Old Video Surfaces, Shows Trump Was Prepping for NK Nearly 20 Years Ago


Now that the summit in Singapore is over and President Donald Trump is on the way back home, one can cue the start of another round of talking-head chatter about his preparedness. This was one of the media’s favorite subjects going into the Tuesday meeting: Did Donald Trump do his homework? Was he really prepared?

This seemed somewhat silly, as if Trump was supposed to be reading a huge binder marked “North Korea” under a desk lamp in the wee hours of the morning like it was an SAT study guide, cramming for his meeting with Kim Jong Un. The vast majority of this was outsourced to aides and foreign policy experts, the way it’s always been under almost any administration.

Rest assured, however, that Trump’s actually been preparing for this for decades — ever since North Korea’s nuclear ambitions became apparent, in fact. That’s borne out by video that’s been popping up on social media these past few days, seemingly as a rejoinder to the preparedness issue.

Take a look, for instance, at this “Meet the Press” appearance from 1999, in which Trump outlined his thoughts on Pyongyang’s nuclear plans:

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Speaking about North Korea, Trump said that “these people in three or four years, they’re going to have nuclear weapons, they’re going to have those weapons pointed all over world and specifically at the United States.”

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“The biggest problem this world has is nuclear proliferation,” he continued. “We have a country out there in North Korea which is sort of wacko, which is not a bunch of dummies. They are going out and developing nuclear weapons. And they’re not doing it because they’re having fun doing it. And wouldn’t it be good to sit down and really negotiate something — and ideally negotiate? Now, if that negotiation doesn’t work, you’d better solve the problem now than solve it later.”

Trump also criticized former President Jimmy Carter’s efforts in North Korea at the time, and shot back at then-“Meet the Press” host Tim Russert’s contention that the fallout from using military force against the North would engulf Southeast Asia in fallout, contending that a strike would be better than a nuclear North Korea. However, first and foremost, he would negotiate.

Also in 1999, Trump sat down for an interview with Wolf Blitzer on a wide range of issues (this, for those of you who weren’t around then or may have forgotten, was when he was considering a presidential run with Ross Perot’s Reform Party before it slipped into squabbling and terminal doom).

They also discussed North Korea’s nuclear ambitions, with Trump saying that  “(w)e’d better do something rather quickly with them, and, hopefully, through negotiations.”

Blitzer asked what would happen “if the North Koreans don’t play ball, develop a nuclear capability, go forward with their missile development — does the United States act unilaterally?”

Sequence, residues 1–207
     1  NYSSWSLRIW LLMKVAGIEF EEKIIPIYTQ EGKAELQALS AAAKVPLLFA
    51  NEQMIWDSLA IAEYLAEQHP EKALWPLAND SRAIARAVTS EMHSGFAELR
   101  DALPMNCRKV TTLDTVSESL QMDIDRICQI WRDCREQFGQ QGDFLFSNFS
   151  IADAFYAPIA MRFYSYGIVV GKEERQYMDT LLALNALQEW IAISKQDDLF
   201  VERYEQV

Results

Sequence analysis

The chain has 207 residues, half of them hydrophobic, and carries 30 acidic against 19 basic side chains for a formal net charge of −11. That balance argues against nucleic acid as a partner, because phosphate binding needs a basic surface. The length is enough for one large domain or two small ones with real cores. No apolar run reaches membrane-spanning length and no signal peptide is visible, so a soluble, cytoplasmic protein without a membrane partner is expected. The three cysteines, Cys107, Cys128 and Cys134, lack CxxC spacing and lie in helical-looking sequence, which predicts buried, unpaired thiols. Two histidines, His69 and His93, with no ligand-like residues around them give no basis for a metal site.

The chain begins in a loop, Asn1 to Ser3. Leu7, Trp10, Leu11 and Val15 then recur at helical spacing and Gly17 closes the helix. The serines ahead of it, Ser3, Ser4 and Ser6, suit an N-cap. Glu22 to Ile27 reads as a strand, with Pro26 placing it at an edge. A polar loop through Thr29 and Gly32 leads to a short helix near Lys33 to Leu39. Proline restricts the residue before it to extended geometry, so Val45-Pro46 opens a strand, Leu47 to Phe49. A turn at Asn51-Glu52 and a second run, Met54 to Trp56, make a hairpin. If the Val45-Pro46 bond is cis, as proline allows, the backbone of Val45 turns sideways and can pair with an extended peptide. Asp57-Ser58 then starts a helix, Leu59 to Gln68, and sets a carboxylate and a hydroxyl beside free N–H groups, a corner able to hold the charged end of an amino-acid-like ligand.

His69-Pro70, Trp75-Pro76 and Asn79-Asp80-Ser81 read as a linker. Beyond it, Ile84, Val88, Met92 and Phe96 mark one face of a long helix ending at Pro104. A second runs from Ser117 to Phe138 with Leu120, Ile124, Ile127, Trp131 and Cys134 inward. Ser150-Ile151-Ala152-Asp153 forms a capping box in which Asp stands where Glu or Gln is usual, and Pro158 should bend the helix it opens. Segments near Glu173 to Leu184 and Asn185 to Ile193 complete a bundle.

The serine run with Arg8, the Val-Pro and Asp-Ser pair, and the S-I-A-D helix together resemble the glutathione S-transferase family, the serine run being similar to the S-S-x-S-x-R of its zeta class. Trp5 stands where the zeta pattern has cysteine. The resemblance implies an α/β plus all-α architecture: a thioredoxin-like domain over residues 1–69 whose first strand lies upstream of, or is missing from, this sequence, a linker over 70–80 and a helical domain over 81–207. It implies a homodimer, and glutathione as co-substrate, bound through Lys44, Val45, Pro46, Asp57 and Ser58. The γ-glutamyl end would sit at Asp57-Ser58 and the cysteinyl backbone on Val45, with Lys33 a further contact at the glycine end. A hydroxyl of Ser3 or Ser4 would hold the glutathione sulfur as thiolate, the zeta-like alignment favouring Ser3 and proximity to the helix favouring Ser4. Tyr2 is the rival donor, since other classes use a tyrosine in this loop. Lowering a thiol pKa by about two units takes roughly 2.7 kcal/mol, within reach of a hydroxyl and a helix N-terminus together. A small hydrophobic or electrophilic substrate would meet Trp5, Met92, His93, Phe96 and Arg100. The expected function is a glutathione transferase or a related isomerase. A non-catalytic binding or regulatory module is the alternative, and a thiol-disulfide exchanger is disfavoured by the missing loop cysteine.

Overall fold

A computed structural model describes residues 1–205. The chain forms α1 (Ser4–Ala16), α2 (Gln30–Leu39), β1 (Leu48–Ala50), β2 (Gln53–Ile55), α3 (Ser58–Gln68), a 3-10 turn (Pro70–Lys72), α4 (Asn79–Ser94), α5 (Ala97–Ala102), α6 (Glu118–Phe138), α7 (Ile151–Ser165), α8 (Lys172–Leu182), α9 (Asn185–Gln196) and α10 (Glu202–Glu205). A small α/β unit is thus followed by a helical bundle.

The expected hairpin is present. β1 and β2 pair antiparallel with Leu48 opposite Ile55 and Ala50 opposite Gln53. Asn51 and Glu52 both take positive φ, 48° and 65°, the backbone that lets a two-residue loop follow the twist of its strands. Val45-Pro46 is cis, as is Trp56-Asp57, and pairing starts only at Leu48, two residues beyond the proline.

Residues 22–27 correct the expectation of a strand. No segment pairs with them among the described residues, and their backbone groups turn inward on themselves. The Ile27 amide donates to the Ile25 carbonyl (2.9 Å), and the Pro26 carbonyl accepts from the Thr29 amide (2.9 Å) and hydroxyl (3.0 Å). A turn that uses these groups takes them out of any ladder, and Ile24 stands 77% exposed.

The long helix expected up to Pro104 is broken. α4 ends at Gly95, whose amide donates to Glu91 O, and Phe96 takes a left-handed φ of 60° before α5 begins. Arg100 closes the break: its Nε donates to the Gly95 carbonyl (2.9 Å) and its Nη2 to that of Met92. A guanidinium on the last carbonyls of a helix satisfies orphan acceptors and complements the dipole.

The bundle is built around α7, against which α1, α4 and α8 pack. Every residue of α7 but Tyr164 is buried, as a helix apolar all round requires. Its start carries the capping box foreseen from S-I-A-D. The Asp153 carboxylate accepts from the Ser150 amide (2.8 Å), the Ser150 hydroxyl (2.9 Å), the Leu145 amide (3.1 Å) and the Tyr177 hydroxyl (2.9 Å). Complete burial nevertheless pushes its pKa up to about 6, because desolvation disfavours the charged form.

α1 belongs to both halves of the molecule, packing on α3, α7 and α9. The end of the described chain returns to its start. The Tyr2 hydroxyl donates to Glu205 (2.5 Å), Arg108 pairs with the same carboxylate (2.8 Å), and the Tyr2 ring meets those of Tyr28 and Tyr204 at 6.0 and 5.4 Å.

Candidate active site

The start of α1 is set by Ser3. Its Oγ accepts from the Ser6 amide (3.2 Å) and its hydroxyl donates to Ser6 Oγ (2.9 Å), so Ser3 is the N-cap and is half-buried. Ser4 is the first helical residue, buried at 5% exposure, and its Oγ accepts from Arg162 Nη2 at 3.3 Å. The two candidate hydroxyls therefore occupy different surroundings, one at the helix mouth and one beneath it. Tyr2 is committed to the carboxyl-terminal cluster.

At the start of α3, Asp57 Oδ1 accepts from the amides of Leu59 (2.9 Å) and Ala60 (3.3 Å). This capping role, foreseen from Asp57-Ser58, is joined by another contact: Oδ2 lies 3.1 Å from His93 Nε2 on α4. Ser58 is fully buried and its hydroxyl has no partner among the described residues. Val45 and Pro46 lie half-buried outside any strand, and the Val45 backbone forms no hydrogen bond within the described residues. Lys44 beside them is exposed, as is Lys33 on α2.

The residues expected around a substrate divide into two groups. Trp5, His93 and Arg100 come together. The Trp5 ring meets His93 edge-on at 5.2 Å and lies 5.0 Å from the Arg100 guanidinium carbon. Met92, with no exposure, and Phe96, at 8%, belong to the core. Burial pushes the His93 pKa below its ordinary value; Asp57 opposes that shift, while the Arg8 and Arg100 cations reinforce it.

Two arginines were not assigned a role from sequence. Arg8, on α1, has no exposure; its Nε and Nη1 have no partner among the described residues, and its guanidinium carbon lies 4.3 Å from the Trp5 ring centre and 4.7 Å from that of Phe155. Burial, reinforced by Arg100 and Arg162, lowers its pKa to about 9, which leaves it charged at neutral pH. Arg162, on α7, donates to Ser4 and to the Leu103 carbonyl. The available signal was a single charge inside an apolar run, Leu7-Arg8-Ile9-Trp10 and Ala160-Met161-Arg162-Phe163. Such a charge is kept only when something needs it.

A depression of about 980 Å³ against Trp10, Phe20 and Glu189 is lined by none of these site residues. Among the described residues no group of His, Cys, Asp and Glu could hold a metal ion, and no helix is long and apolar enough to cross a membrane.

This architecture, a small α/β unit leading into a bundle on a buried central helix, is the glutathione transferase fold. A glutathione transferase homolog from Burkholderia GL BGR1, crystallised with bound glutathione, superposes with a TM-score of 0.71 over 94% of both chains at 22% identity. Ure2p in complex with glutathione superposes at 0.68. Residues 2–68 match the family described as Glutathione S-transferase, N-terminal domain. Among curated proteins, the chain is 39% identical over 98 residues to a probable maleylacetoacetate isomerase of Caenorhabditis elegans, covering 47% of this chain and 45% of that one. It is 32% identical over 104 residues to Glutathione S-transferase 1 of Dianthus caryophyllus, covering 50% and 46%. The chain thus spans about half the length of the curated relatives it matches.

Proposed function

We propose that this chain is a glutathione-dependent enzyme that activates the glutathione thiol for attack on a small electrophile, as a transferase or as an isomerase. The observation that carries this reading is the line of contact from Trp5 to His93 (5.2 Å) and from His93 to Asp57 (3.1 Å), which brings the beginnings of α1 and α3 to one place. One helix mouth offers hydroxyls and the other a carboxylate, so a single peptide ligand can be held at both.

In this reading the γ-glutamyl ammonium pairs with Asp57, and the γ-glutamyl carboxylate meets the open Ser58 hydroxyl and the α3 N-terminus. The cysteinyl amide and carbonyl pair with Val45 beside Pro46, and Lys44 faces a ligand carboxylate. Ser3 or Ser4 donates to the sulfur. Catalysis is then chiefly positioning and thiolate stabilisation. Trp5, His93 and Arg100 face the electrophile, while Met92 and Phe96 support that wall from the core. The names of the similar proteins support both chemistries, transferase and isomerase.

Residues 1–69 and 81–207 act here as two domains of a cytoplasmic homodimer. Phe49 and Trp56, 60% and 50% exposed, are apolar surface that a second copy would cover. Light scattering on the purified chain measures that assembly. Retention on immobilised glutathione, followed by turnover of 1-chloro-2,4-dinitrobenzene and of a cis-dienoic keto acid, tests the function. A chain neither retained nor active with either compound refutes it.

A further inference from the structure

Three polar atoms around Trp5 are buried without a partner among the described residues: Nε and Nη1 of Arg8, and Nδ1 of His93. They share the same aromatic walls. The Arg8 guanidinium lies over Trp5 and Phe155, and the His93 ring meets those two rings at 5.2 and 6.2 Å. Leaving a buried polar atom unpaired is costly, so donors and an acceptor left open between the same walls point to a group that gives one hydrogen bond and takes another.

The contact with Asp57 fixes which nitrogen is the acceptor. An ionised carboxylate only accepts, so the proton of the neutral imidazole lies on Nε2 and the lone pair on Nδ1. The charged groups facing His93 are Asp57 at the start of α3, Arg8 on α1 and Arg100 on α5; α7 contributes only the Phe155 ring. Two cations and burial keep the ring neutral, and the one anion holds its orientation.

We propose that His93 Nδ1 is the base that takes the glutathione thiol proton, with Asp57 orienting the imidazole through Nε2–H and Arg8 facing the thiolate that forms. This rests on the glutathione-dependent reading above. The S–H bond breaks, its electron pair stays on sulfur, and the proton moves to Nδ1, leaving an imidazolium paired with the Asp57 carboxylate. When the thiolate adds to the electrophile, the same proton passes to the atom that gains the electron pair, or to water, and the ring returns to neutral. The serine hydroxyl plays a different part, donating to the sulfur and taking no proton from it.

“If spoken to correctly — correctly — they will play ball,” Trump predicted.

This interview, mind you, was less than a year before then President Bill Clinton decided that trying to broker a peace deal with the North Koreans should take a backseat to Middle East peace negotiations. That was a gambit that proved to be fruitless in the end and didn’t provide Clinton with the signature peace plan he wanted.

“I had a chance at the end of my presidency — I kind of regret this now, but I would do the same thing again [if] faced with it — to end their missile program, but I would have had to go to North Korea,” Clinton said in a recent “Today” interview.

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“But I couldn’t do that and finish the Middle East peace,” he told interviewer Craig Melvin. “And Arafat begged me not to go and then backed out on his promise.”

Melvin didn’t ask a follow-up question about Clinton’s preparedness, for whatever reason. And nobody seems to have asked the same questions about Kim Jong Un, as “Dilbert” creator Scott Adams noted:

After all, Kim may have readThe Art of the Deal,” but he certainly didn’t write it.

Perhaps, as Adams says, we ought to look at the other side of the table in this equation.

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C. Douglas Golden is a writer who splits his time between the United States and Southeast Asia. Specializing in political commentary and world affairs, he's written for Conservative Tribune and The Western Journal since 2014.
C. Douglas Golden is a writer who splits his time between the United States and Southeast Asia. Specializing in political commentary and world affairs, he's written for Conservative Tribune and The Western Journal since 2014. Aside from politics, he enjoys spending time with his wife, literature (especially British comic novels and modern Japanese lit), indie rock, coffee, Formula One and football (of both American and world varieties).
Morristown, New Jersey
Catholic University of America
Languages Spoken
English, Spanish
Topics of Expertise
American Politics, World Politics, Culture